What would Google do? I think that the CEO of any magazine company should ask themselves this question. We are now in a really tough recession. Advertising is getting scarce, shrinking in print and going to the web. Subscriptions are tough. News stand sales are tougher. Magazines and periodicals are explicitly excluded from the scope of the Google Settlement with the Authors and Publishers. But what would Google do with magazines?

The short answer is that Google would not be doing what most magazine brands are doing. Google would not be building something other than the magazine which tries to capture, enshrine, repurpose, reposition whatever it is that great magazines do really well. Google, if it had its way with magazines, would be doing with magazines what it has won the agreement of the publishers to do with books. It has started doing this with newspapers (also excluded from the settlement), digitizing historic newspaper archives. It would be building a database system which coherently and elegantly puts magazines on the web exactly as they are and then selling digital subscriptions to those digital magazine properties. That is exactly what Google is planning to do with books and that is what the magazine publishers should be doing with their magazines. Working with Exact Editions consumer magazines can sell digital editions with no upfront costs. Just new revenues. The conventional magazine wisdom is that the magazine’s web site needs to be somewhat like the magazine content but somewhat mixed up, that customers don’t buy subscriptions to digital magazines and that magazine ads do not work on the web. Wrong, wrong and wrong again.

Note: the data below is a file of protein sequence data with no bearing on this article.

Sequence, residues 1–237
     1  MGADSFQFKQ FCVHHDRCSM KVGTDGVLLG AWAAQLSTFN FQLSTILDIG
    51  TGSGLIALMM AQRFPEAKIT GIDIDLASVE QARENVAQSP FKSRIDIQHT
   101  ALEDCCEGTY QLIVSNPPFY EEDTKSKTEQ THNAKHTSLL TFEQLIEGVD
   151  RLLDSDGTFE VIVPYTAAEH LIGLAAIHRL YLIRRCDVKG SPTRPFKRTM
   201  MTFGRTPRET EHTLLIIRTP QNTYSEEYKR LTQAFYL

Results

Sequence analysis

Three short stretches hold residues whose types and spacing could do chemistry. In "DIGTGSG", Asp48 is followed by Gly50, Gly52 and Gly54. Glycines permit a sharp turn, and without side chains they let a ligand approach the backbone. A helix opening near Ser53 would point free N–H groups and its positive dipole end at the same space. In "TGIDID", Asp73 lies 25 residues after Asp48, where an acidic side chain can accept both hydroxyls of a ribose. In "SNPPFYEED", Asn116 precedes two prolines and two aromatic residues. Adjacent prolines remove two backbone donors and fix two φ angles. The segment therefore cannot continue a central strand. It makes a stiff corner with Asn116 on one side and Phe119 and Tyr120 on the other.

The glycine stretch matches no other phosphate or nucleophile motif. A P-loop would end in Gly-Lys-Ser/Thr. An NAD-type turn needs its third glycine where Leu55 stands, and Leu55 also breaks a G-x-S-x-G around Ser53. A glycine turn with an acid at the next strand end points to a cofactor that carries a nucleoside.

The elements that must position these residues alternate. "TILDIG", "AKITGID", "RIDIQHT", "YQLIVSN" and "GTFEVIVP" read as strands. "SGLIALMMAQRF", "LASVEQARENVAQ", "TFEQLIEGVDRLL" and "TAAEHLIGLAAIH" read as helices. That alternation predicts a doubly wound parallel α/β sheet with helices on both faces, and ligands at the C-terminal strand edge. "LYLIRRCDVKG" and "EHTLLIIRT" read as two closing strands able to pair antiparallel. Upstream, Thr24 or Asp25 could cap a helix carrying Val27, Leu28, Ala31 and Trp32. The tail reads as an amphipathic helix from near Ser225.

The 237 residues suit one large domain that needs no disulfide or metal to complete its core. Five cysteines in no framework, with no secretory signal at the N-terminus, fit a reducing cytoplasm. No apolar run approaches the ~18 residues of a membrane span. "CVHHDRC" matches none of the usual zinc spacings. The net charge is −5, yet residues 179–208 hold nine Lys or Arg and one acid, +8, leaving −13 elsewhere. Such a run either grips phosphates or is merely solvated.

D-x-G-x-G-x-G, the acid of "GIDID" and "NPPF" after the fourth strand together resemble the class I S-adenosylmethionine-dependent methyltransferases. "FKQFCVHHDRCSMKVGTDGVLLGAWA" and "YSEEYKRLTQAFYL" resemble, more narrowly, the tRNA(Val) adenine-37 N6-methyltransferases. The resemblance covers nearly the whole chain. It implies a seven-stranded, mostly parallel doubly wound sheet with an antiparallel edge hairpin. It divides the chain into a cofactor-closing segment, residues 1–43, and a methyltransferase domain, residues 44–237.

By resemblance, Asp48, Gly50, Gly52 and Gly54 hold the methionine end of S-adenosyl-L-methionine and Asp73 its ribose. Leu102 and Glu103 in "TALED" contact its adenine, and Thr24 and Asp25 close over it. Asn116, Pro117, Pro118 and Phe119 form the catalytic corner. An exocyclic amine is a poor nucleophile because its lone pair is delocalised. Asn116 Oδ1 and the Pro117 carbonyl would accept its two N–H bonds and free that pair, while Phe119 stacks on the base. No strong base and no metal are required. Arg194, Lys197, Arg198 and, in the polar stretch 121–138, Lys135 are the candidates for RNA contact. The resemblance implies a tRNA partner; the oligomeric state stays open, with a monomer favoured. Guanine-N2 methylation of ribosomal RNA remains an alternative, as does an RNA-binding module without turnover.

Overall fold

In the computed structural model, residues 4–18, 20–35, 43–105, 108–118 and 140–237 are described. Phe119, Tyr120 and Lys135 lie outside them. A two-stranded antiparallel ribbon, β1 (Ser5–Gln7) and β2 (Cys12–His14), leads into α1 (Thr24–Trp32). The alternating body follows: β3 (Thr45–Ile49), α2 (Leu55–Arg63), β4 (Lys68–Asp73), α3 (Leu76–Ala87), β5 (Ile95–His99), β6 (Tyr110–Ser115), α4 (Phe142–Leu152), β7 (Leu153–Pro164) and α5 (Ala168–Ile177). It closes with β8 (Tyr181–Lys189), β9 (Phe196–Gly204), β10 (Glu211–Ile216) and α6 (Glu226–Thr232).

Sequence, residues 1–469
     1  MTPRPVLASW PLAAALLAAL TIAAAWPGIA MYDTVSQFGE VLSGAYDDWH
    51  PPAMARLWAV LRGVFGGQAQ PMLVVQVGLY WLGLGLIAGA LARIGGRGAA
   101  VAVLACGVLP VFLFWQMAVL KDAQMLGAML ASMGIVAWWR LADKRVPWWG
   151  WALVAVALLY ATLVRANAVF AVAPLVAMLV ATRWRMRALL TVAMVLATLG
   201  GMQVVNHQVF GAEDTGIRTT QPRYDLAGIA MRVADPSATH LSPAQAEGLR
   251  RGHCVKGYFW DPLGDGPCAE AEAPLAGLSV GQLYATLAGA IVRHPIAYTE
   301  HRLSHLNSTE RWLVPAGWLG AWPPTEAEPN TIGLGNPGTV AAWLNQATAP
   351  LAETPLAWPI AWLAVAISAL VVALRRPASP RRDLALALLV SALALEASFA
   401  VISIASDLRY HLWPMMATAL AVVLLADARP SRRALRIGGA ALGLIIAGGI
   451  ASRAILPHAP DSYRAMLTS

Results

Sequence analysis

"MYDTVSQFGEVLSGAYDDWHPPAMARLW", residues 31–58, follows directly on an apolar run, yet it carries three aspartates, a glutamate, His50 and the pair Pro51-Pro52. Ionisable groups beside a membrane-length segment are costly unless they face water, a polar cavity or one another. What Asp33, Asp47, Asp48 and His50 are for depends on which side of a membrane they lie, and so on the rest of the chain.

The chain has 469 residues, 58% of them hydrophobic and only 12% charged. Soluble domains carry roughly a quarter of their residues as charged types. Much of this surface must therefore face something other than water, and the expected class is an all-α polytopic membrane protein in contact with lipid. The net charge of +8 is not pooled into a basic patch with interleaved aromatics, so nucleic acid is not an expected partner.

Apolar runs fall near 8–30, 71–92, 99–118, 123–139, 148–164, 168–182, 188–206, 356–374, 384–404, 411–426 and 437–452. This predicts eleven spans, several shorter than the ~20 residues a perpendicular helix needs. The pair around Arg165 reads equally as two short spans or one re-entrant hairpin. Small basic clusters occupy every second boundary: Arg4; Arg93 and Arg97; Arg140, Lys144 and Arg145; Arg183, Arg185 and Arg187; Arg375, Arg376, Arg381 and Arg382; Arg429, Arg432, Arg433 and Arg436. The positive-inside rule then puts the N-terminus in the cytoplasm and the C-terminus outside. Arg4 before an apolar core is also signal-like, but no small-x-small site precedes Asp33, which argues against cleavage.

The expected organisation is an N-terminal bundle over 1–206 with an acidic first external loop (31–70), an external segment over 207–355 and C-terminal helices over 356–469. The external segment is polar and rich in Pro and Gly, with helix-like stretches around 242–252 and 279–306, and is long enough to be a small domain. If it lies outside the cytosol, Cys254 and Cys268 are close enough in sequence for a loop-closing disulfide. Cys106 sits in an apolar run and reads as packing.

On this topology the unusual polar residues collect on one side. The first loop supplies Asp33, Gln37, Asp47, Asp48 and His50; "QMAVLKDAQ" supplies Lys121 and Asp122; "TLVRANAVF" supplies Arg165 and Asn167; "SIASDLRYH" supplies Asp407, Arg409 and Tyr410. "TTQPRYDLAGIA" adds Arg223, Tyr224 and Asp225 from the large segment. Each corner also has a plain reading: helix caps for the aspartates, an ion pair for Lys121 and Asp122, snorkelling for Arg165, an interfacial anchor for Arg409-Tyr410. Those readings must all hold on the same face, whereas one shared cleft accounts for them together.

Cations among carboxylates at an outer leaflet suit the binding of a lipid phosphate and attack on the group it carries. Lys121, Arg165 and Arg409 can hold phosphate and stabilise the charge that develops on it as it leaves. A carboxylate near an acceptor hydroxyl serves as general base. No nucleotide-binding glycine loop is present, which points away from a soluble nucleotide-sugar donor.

Magazine publishers who see their magazine coming out of the recession stronger than they went in, will realise that they need to build digital subscriptions and build them fast in a pure web platform. Make sure the magazine works on the web. Make sure that it works on an iPhone and Android. Make sure that Google searches it and that anybody can link to it.

This is a matter for CEO’s. Its a matter for owners and for those who care and see the magazine in its total consumer space. The conventional wisdom that consumer magazines will somehow ‘morph’ into web sites needs to scrutinised very carefully. In few cases does it really work. A lot of consumer magazines are building themselves expensive and irrelevant web mausoleums. Portfolio, a great new magazine launched in 2006 has recently fired most of its large web staff. For a while it had a cool but unprofitable web site. But you still cannot subscribe to a digital edition of the magazine. The magazine is in most cases the best possible vehicle to put itself on the web. As a digital edition. Do that and then supplementary resources (blogs and competitions, newsgroups and communities) can be built around it.

If magazines get their act together and start offering themselves for inspection and for sale on the web, they will be in a good position to work with Google when it has finally got its act together and is selling millions of book subscriptions. That could be 2010. Get ready for the other side of the recession. The upside and the out-side. It will be more digital.